Working with Interpreters

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Working with Interpreters

In our work as health and community service providers, it is sometimes necessary to seek the services of an interpreter to better communicate with clients who speak little or no English. It important that the interpreter be viewed as being there to assist the service to function as it should, rather than just being for the benefit of the client.

An interpreter is a person who conveys oral messages, concepts and ideas from one language into another language (including sign language), with a high degree of accuracy, completeness, objectivity and sensitivity to the cultures associated with the languages of expertise.

A translator is a person who transfers written material from one language to another.

Interpreting is the action of transferring spoken words from one language to another.


Choosing an interpreter

Choosing an appropriate interpreter can depend on factors such as language, dialect, gender, religion and ethnicity. It is important to use interpreters that are properly accredited through the National Accreditation Authority for Translators and Interpreters (NAATI), an independent body which sets the interpreting and translation profession’s standards in Australia.

There are currently 33,000 accredited translators and interpreters in Australia, with accreditations spanning 117 different languages. To find an accredited translator or interpreter, visit NAATI’s online directory.  However, not all interpreters are qualified or accredited as Australia does not have appropriate accreditation for every language. Learning how to work effectively with interpreters will help you recognise where interpretation is unprofessional or insufficiently skilled.

Accredited interpreters should be used because:

  • it will ensure accurate communication between people who have different language needs
  • effective professional practice requires both parties to have a clear understanding of each other
  • in times of crisis or stress, a person’s second language competency may decrease
  • all Australians have the right to access services freely available to English speaking Australians – irrespective of their ethnic background and first language preference.

Unskilled interpreters, or those who are not properly accredited, can pose a legal danger by omitting or adding dialogue, deleting relevant cultural information, giving personal opinions or engaging in extraneous discussions that exclude either the client or the practitioner.

Family members should not be used as interpreters due to potential personal and emotional involvement. Also, clients may not feel comfortable sharing personal information in front of a family member.

For a list of languages and the countries where they are spoken visit Nations Online.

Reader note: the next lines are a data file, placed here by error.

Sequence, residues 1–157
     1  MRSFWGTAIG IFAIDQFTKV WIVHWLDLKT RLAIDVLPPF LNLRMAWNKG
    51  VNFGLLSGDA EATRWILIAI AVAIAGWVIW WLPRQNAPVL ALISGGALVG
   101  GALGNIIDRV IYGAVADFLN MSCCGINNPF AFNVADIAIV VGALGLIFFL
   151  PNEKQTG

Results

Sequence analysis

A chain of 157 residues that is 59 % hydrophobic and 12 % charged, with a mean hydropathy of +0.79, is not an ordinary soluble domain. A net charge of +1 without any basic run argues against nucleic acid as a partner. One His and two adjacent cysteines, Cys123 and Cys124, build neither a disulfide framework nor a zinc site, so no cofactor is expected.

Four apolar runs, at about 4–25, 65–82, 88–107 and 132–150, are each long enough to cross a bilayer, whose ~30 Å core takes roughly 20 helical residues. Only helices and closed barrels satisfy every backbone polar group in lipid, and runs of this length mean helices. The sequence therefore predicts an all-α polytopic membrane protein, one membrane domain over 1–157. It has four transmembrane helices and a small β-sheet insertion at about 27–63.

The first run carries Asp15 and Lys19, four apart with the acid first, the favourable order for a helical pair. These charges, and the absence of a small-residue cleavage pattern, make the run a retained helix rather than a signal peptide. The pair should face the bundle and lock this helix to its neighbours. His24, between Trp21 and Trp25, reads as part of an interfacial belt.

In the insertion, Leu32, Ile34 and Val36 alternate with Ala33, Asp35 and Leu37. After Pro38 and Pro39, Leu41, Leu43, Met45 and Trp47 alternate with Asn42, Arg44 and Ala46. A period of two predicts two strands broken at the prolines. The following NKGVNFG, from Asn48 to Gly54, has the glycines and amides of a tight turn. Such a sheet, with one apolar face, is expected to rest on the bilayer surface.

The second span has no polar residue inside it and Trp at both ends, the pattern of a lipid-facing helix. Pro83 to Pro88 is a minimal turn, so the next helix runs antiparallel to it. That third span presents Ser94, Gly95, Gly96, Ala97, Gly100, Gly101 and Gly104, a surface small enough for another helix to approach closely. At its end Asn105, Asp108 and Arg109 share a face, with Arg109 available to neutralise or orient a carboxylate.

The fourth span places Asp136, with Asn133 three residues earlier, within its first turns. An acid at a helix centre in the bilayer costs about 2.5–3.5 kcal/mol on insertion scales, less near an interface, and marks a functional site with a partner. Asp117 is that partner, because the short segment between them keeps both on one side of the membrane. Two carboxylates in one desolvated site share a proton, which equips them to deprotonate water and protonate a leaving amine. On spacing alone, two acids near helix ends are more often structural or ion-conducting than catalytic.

For deaf or hearing impaired clients, visit the Australian Sign Language Interpreters’ Association (ASLIA).


Situations when you should use an interpreter:

  • when it is obvious that the person does not speak English
  • when a person can communicate in English, but in a limited capacity (they may not understand specific terms, informed consent or medication compliance)
  • when the person can communicate in English, but is more comfortable with their own language
  • when the person is under stress which may affect their ability to communicate in English
  • when the person brings with them an ‘I need an Interpreter card’
  • when in doubt.

Styles of interpreting

There are several different styles of interpreting. The most common one that is used within health and welfare services is consecutive interpreting, where the interpreter and speaker speak one after another. Interpreters can interpret by telephone, video conferencing or face to face.

If a consumer refuses an interpreter, you should ensure they are aware:

  • that your organisation will pay for the cost of the interpreter
  • of your legal obligations and the benefits to them as the client
  • they have a right to choose an interpreter and can request a specific interpreter
  • they do not have to provide their real name
  • that interpreting options include telephone interpreters and video conferencing.

During the session when an interpreter is present you should:

  • remember you are in charge, not the interpreter
  • introduce yourself and the interpreter to your client
  • explain the role of the interpreter and what is expected of him/her
  • explain confidentiality and professional obligations
  • speak directly to the client, looking at the client not the interpreter
  • speak clearly and not too fast
  • use plain English, avoiding jargon or slang
  • give only two ideas at a time
  • not rush, making sure there is enough time for adequate interpreting.

Always:

  • use ‘teaching back’ techniques to ensure that the client has understood the information presented to them and that there are no concerns. For further information about teaching back techniques please refer to this resource
  • pay attention to the dynamics between the interpreter and the client and ensure that there is no conflict of interest
  • check if the client understands their rights and responsibilities when using an interpreter
  • raise your concerns with the interpreter’s provider agency if you have concerns about the interpreter’s professional and ethical conduct.

What Do Clients Need to Know About Interpreters?

For more comprehensive information and guidelines about the use of interpreters please refer to the following link.

PEACE Multicultural Services can provide training on the use of interpreters as part of in-service training. Contact us on 08 8245 8100.

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